What is a Ghost Kitchen?
What are Ghost Kitchens?
Ghost kitchens, also known as cloud kitchens, forgo table or counter service for 100% delivery. The customer might never know who’s preparing their takeout burger, which is why the mysterious “ghost kitchen” moniker is spreading like wildfire.
Ghost kitchens either operate a 100% delivery restaurant or dedicate a portion of their brick-and-mortar restaurant to producing food built to travel. Whether trying something new with a pop-up or slinging tested staples, a ghost kitchen offers opportunities for growth and expansion.
Virtual restaurants aren’t the VR eateries you’re thinking of, where you can be immersed in a digital world while eating dinner. That doesn’t mean they aren’t just as cool and a great tool for your restaurant. Virtual restaurants might help you make the most of your kitchen’s take-out window.
We're providing everything you need to know about delivery-focused virtual restaurant brands and concepts with this detailed guide.
This detailed guide gets up close and personal with real ghost kitchens to unveil their mysteries:
Why are Ghost Kitchens growing in popularity? What are the trends helping this growth?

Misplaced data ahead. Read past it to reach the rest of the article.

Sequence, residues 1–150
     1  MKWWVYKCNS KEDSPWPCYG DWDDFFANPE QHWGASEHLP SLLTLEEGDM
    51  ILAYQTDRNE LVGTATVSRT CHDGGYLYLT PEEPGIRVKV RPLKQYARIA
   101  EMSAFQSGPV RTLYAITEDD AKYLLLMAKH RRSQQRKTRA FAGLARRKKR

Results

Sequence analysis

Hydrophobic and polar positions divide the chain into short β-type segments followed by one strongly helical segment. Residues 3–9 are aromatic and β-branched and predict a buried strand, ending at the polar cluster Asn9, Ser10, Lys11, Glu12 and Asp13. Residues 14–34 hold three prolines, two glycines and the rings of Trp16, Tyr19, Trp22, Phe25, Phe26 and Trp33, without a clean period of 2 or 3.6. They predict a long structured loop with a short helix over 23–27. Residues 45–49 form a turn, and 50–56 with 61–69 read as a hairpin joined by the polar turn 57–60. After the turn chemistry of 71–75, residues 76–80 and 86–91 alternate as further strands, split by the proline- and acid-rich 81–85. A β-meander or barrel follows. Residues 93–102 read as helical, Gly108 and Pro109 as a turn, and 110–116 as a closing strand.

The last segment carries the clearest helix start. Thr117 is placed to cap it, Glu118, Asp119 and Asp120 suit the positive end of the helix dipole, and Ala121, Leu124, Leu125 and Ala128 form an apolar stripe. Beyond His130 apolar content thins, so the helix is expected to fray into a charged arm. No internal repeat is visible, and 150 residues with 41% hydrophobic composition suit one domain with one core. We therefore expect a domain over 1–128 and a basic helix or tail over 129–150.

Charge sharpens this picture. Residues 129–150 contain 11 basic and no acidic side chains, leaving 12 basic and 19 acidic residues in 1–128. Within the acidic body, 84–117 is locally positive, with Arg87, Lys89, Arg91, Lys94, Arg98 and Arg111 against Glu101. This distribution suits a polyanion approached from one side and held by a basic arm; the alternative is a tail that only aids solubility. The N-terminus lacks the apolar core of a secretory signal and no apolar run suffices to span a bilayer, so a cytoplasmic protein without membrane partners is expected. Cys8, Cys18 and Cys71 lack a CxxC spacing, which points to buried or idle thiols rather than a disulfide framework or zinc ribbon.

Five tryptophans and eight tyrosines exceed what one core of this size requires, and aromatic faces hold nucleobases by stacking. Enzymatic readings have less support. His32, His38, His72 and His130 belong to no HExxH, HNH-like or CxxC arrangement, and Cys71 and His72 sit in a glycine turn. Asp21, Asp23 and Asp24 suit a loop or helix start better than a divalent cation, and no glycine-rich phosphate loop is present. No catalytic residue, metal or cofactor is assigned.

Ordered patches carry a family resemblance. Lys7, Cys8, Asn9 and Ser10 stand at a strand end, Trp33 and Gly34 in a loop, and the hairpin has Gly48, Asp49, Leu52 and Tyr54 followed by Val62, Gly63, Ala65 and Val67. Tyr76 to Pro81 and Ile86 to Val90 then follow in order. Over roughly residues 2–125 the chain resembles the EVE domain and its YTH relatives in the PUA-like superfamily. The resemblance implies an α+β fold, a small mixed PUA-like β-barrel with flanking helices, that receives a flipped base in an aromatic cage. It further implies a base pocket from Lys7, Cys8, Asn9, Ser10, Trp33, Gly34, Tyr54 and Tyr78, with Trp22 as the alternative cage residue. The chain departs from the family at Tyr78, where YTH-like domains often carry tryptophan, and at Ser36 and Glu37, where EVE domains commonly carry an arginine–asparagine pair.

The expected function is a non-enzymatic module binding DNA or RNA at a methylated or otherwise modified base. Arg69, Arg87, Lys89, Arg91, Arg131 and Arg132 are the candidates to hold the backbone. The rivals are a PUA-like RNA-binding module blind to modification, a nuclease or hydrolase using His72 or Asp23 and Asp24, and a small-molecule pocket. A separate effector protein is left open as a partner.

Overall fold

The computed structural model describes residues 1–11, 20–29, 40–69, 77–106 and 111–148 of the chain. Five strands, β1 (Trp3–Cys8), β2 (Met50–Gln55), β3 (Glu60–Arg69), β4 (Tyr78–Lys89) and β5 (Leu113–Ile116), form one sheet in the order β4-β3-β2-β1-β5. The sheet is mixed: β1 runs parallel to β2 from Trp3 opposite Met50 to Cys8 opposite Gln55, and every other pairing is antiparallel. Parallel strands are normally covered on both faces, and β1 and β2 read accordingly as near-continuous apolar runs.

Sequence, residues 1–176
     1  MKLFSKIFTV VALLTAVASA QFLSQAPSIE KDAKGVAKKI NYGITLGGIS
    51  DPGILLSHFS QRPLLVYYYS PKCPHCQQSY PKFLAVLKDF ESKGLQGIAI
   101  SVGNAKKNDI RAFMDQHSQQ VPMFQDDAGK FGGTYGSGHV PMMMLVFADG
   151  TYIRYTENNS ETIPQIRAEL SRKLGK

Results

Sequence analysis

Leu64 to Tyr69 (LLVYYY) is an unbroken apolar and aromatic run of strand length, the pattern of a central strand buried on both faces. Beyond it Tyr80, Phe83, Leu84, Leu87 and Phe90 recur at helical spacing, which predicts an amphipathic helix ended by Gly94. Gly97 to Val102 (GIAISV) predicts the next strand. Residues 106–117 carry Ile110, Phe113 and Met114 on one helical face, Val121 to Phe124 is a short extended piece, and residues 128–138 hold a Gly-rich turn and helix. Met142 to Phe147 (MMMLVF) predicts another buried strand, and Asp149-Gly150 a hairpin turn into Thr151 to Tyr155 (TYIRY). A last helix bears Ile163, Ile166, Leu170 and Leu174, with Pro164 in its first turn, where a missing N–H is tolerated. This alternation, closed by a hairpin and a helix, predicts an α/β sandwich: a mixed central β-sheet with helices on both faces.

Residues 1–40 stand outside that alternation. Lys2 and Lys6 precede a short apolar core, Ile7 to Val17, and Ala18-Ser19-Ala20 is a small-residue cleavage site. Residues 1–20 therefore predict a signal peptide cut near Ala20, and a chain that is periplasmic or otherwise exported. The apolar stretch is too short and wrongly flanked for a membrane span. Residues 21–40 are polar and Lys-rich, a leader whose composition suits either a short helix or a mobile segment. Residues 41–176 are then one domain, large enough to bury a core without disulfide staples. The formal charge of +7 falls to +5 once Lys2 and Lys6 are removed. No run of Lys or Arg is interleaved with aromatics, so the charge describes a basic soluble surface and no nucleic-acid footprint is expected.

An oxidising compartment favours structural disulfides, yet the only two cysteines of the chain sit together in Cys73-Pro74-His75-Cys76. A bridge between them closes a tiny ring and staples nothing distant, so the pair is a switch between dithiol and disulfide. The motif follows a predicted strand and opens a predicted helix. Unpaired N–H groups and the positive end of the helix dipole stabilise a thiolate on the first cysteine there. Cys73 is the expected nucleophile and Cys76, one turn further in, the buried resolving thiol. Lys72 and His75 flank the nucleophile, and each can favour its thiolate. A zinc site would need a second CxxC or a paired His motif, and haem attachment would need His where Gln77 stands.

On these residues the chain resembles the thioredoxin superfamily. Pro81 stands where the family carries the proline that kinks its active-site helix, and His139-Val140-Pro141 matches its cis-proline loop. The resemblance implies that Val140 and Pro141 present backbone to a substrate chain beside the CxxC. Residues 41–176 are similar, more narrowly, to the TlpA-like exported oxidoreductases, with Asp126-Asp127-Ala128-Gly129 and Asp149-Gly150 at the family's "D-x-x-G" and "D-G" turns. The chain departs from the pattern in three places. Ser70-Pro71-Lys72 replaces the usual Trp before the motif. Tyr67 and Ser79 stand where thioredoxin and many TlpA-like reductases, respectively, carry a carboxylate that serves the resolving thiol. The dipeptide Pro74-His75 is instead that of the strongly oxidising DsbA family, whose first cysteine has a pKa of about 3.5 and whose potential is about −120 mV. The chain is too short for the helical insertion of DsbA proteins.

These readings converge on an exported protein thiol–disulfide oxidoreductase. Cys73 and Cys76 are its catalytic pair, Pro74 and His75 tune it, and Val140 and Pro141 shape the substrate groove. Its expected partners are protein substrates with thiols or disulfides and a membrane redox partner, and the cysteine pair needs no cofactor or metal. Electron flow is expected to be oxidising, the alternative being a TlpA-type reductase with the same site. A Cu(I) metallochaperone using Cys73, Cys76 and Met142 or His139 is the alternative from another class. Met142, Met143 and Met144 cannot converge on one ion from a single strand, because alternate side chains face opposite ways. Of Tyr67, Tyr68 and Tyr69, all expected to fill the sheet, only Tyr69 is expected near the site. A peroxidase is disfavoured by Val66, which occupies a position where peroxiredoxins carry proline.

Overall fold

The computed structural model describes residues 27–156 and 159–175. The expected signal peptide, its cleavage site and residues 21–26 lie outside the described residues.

Delivery-only restaurants became popular as food service markets adapted to the COVID-19 pandemic. Customers demanded delivery options, and delivery services partnered with restaurants to create excellent experiences.
Virtual restaurants and other delivery-only concepts fill an important niche in local foodways – they help customers who can’t or prefer not to return to restaurants in-person access great meals.
As people extend their work-from-home indefinitely, there’s more demand than ever for convenience. Delivery-focused virtual restaurants provide options at all times of the day, from breakfast to late night snack.
On top of that, the delivery-only model is flexible and encourages creativity and experimentation. Chefs who want to play with new flavors, textures, and cuisines can test them with less risk.
Ghost kitchens provide flexible solutions for targeting specific delivery markets, so you can reach them with your tested brand to deliver a new experience.